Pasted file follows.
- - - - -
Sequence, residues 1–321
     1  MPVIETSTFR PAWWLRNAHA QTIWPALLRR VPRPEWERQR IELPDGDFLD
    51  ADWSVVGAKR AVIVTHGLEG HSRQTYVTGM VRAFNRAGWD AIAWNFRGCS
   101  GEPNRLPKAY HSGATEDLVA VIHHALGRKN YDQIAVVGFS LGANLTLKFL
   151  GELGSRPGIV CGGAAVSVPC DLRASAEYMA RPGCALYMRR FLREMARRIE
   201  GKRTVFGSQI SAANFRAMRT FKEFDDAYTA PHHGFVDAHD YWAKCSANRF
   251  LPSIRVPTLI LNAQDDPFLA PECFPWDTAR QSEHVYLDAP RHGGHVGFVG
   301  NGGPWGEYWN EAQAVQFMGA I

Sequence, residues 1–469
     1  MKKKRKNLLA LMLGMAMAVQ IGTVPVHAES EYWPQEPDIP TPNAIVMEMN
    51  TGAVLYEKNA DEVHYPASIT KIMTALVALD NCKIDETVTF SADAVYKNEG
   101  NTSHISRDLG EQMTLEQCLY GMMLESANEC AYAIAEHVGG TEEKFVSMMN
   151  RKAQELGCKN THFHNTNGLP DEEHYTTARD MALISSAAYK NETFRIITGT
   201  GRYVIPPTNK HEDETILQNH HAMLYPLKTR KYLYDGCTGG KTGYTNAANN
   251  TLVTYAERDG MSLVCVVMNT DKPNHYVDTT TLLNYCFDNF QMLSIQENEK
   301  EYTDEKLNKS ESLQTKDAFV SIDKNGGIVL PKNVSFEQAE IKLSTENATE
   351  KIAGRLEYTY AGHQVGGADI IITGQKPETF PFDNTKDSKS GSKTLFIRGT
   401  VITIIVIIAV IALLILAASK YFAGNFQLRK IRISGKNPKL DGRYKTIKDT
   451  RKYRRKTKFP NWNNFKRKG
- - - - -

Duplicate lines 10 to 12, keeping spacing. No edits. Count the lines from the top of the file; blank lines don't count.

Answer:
     1  MKKKRKNLLA LMLGMAMAVQ IGTVPVHAES EYWPQEPDIP TPNAIVMEMN
    51  TGAVLYEKNA DEVHYPASIT KIMTALVALD NCKIDETVTF SADAVYKNEG
   101  NTSHISRDLG EQMTLEQCLY GMMLESANEC AYAIAEHVGG TEEKFVSMMN